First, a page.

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James Patterson is an Assistant Professor of Institutional Dynamics in Sustainability. He has a broad cross-disciplinary perspective spanning political science, environmental studies, and institutional analysis. His main research line focuses on institutions and their dynamics: How and why institutions change, and with what effects on governance systems and society? This work examines the institutional dynamics of climate change adaptation and decarbonization.

Another line of research focuses on the governance and politics of sustainability transformations. This responds to widespread contemporary calls from scientists and policymakers for large-scale societal transformations to meet urgent sustainability and social justice challenges (for example, by the IPCC, and the International Science Council, among others). It examines how the governance aspects of these transformations are understood and explained.

Five key publications:

  • Patterson, J., De Voogt., D.L., Sapiains, R. (2019) Beyond inputs and outputs: Process‐oriented explanation of institutional change in climate adaptation governance. Environmental Policy and Governance.
  • Patterson, J.J., Beunen, R. (2019) Introduction to Special Issue: Institutional work in environmental governance. Journal of Environmental Planning and Management. Introduction to Special Issue.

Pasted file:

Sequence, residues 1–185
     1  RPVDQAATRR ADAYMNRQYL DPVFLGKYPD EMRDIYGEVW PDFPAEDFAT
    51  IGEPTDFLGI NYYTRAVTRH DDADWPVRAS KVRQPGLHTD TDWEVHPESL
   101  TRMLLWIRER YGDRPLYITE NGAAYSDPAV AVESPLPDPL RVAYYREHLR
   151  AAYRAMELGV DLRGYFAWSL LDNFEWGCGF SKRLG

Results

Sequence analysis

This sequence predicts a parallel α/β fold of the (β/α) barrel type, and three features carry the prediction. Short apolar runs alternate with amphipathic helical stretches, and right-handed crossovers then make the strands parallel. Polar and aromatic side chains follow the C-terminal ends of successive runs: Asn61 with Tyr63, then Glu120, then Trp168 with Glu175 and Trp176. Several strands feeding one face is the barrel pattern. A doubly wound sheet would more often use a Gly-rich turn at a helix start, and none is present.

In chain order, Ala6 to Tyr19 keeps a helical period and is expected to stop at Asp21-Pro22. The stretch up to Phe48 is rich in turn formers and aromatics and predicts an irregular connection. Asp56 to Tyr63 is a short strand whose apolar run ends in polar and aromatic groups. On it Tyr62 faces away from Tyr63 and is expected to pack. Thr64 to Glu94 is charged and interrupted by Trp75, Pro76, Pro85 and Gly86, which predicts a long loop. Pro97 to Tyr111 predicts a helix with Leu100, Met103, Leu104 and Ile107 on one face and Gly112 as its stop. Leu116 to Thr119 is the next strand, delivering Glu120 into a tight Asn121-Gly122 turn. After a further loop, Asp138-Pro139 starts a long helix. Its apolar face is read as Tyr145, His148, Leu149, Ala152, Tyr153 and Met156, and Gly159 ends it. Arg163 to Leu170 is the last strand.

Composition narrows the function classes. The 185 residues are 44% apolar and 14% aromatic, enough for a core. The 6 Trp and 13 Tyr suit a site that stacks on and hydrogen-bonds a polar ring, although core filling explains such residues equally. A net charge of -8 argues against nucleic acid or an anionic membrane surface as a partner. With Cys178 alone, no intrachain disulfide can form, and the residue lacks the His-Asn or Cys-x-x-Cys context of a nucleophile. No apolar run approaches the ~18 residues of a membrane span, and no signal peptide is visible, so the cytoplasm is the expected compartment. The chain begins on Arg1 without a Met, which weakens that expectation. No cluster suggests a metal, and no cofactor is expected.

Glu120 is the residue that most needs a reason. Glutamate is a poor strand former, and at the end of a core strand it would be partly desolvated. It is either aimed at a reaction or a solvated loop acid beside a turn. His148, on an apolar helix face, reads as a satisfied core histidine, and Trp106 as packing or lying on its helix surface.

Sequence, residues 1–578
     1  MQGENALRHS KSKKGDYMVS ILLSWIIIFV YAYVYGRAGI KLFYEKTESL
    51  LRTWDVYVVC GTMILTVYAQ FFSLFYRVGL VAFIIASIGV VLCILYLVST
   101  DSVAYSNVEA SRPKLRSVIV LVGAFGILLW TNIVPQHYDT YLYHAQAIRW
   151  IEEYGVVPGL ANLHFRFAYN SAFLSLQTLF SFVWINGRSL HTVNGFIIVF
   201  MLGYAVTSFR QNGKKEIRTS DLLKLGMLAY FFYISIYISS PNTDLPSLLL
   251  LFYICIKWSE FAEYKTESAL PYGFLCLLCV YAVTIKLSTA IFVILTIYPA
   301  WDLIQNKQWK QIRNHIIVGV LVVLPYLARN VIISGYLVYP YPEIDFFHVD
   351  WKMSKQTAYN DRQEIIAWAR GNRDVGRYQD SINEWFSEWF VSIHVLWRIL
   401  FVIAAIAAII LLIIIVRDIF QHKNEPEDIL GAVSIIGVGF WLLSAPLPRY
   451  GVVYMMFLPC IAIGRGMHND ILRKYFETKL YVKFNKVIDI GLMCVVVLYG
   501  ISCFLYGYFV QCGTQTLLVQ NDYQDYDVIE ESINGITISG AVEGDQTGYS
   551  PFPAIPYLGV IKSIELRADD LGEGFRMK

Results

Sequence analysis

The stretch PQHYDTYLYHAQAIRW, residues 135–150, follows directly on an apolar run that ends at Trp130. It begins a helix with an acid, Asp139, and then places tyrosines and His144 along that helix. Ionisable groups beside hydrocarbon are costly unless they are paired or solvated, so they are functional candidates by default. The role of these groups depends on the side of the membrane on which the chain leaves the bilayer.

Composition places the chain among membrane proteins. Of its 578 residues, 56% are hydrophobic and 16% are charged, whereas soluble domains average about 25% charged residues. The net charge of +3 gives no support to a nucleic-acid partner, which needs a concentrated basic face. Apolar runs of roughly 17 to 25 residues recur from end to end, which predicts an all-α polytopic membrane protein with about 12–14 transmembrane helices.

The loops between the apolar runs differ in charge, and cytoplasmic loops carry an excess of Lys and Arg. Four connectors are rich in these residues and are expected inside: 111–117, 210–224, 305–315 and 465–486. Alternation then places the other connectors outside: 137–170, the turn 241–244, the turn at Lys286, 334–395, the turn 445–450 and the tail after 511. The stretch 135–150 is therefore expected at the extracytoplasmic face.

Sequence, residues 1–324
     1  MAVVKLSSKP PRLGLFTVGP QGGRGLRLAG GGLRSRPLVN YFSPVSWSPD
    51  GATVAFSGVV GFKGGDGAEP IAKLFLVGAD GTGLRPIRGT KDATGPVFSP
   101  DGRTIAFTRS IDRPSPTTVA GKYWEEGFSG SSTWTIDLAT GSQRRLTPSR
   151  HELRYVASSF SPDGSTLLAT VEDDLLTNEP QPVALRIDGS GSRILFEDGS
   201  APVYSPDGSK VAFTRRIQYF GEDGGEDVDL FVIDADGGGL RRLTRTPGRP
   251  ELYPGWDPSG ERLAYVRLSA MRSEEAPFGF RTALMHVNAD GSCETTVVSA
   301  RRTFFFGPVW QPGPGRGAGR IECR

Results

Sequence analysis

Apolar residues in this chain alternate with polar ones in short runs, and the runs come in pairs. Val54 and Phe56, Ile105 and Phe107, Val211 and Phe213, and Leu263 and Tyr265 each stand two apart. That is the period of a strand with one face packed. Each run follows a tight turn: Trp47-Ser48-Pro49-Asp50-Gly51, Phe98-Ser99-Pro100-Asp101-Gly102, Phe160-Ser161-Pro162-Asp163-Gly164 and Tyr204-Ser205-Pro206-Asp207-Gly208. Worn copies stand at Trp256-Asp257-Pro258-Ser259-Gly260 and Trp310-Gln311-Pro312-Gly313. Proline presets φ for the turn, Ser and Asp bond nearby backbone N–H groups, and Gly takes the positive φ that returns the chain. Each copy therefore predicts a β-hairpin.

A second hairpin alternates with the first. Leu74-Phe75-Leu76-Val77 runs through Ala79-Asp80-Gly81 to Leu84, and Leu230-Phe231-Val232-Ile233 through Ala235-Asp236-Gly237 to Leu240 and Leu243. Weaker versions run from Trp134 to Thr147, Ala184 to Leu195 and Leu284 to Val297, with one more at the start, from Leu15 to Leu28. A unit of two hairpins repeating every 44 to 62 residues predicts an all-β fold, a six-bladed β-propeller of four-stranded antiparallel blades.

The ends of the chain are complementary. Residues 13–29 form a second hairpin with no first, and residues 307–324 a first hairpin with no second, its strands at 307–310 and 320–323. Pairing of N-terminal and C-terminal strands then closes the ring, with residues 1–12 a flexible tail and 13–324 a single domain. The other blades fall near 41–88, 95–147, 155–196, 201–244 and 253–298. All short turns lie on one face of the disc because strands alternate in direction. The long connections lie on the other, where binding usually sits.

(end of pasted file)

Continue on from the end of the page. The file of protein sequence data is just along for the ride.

• Patterson, J.J., Huitema, D. (2019) Institutional innovation for adapting to climate change in urban governance. Journal of Environmental Planning and Management.
  • Patterson, J.J., Thaler, T., Hoffmann, M., Hughes, S., Oels, A., Chu, E., Mert, A., Huitema, D., Burch, S., Jordan, A. (2018) Political feasibility of 1.5°C societal transformations: the role of social justice. Current Opinion in Environmental Sustainability. 31:1–9.
  • Patterson, J., Schulz, K., Vervoort, J., van der Hel, S., Widerberg, O., Adler, C., Hurlbert, Anderton, K., Sethi, M., Barau, A. (2017) Exploring the governance and politics of transformations towards sustainability. Environmental Innovation and Societal Transitions. 24:1–16.


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